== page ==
Strikes, Protests Continue to Shake France

Public railways SNCF workers demonstrate against planned reforms of the French government on April 13 in Paris.
Public railways SNCF workers demonstrate against planned reforms of the French government on April 13 in Paris.

A new strike by Air France employees on Tuesday adds chaos in France, which is already reeling from strikes by rail workers and university students over proposed public sector reforms by President Emmanuel Macron.

To Macron’s dismay, the popular movements show no signs of slowing down, France 24 reported.

The Air France tussle over salaries is separate from the larger and politically more significant stand-off between Macron’s centrist, business-friendly government and the public sector trade unions fighting its reform plans.

Rail unions are particularly up in arms over proposed reforms that they say would reduce job security. Students have been blocking several public universities over Macron’s plan to introduce more selective applications.

There is a general atmosphere of social discontent against Macron’s reforms, including protests and strikes by civil servants, energy workers and garbage collectors.

Recently, Economy Minister Bruno Le Maire admitted that, while he could not produce numbers, it was clear that the strikes were impacting growth.

  Transport Sector

About 30% of Air France flights scheduled on Tuesday were expected to be canceled due to a strike over pay. Crews and ground staff, whose wages have been frozen since 2011, are seeking a 6% pay rise. This will mark their eighth day of walkouts since February.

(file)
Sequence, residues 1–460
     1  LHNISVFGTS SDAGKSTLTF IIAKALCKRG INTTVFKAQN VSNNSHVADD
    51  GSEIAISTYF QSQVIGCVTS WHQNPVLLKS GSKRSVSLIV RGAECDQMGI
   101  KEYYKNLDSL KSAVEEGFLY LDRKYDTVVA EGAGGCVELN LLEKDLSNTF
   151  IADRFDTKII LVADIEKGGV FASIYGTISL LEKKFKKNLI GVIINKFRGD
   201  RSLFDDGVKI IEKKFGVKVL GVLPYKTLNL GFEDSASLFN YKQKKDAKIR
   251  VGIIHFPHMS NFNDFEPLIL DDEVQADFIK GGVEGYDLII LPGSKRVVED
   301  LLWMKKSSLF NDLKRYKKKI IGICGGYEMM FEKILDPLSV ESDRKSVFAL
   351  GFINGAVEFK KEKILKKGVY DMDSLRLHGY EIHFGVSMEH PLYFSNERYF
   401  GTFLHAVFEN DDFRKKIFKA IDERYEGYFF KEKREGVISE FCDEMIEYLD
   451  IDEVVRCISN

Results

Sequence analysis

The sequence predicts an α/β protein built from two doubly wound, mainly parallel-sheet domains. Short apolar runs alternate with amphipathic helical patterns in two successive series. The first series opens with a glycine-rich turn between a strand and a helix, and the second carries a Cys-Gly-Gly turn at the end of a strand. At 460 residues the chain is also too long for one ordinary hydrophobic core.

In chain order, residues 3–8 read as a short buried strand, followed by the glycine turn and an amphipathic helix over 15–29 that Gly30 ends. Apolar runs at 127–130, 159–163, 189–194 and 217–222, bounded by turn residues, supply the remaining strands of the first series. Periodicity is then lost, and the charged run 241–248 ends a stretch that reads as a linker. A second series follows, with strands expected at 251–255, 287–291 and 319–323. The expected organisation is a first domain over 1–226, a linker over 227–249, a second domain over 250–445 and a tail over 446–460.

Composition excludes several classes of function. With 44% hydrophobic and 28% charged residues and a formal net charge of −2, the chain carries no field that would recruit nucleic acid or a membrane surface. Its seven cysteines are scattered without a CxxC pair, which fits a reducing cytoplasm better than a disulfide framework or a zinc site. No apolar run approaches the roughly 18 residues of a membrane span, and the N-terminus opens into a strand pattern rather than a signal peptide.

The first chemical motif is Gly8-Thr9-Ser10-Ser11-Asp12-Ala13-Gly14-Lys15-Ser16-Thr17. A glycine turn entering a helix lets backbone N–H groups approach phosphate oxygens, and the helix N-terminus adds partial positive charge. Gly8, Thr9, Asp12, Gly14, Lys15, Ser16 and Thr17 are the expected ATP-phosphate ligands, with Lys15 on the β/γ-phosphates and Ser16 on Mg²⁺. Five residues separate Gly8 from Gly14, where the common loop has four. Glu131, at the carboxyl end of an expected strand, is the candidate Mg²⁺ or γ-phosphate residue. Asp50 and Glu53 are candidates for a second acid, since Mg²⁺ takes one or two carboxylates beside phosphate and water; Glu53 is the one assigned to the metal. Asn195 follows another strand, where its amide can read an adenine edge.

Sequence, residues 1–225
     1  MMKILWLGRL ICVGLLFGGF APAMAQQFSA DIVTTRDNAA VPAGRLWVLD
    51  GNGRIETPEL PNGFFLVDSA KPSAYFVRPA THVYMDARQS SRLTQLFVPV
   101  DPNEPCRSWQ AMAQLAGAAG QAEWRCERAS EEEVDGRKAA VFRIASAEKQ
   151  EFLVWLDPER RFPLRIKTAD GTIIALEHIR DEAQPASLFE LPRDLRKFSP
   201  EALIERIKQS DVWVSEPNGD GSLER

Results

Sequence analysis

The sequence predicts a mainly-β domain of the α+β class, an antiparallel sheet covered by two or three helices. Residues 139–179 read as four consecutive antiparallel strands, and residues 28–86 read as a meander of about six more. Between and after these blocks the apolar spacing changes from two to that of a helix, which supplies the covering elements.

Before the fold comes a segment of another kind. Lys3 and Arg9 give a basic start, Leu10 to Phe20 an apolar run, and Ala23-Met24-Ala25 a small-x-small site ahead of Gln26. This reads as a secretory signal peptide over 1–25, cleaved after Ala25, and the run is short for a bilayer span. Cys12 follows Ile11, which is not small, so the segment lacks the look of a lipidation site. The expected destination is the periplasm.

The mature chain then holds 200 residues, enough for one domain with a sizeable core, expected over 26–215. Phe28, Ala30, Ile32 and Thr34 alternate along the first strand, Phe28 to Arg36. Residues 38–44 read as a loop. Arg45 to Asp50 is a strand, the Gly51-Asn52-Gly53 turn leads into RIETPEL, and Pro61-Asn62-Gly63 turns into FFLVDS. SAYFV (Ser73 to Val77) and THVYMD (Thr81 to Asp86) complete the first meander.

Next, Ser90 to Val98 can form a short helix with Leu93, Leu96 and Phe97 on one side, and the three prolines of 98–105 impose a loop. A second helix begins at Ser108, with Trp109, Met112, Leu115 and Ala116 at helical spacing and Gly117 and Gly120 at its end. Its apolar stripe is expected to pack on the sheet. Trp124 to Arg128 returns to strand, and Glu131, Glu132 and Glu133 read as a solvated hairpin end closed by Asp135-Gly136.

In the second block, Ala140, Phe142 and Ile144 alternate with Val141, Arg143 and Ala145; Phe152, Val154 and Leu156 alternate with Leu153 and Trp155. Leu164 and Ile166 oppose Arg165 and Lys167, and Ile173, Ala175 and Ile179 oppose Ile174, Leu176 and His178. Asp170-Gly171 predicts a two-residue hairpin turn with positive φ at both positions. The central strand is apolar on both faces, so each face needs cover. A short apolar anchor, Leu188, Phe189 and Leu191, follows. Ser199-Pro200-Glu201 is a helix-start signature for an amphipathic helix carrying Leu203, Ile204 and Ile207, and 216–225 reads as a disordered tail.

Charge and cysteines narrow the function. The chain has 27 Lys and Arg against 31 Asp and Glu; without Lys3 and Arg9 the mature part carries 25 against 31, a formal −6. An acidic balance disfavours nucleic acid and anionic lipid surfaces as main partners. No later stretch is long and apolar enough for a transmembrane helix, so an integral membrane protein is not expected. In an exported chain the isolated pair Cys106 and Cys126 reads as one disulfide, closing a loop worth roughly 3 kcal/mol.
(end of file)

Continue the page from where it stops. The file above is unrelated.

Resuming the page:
Some 45% of long-haul flights were to be canceled along with 35% of medium-haul flights to and from Paris. According to Air France, the strikes could cost the company upwards of €220 million.

The fourth edition of an ongoing strike by workers at the French national rail carrier the Société Nationale des Chemins de fer Français was set to begin Tuesday evening as the National Assembly prepared to vote on a bill addressing rail sector reforms.


Four different universities in France are still closed due to protests that started in February in response to a law proposing to restrict university access. Over ten other sites have been partially blocked by students.

The protests have meant that, in some locations, students are unable to sit their exams.

In an attempt to slash high failure rates among first-year undergraduates, a new law that passed in February seeks in part to personalize the admissions process, controversially chipping away at the principle of automatic entry for French high school graduates.

Until now, places in the most popular courses of study have been attributed by drawing lots, without regard for a candidate’s grades or qualifications. For critics, any nudge toward “selection” is sacrilege.

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